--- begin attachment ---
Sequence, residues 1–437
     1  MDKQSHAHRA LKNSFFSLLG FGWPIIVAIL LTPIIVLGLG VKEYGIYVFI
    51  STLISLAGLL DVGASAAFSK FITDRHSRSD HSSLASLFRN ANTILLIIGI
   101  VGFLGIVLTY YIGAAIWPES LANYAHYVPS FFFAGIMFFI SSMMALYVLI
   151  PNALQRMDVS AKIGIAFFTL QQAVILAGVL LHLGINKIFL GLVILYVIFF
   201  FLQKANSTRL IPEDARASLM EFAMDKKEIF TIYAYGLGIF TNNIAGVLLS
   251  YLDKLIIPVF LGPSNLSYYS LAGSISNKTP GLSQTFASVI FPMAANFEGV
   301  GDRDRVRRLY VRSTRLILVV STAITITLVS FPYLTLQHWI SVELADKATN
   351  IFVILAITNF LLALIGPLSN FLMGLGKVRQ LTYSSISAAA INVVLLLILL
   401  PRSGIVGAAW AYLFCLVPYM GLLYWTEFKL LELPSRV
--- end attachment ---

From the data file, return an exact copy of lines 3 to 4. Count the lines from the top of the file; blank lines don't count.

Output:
    51  STLISLAGLL DVGASAAFSK FITDRHSRSD HSSLASLFRN ANTILLIIGI
   101  VGFLGIVLTY YIGAAIWPES LANYAHYVPS FFFAGIMFFI SSMMALYVLI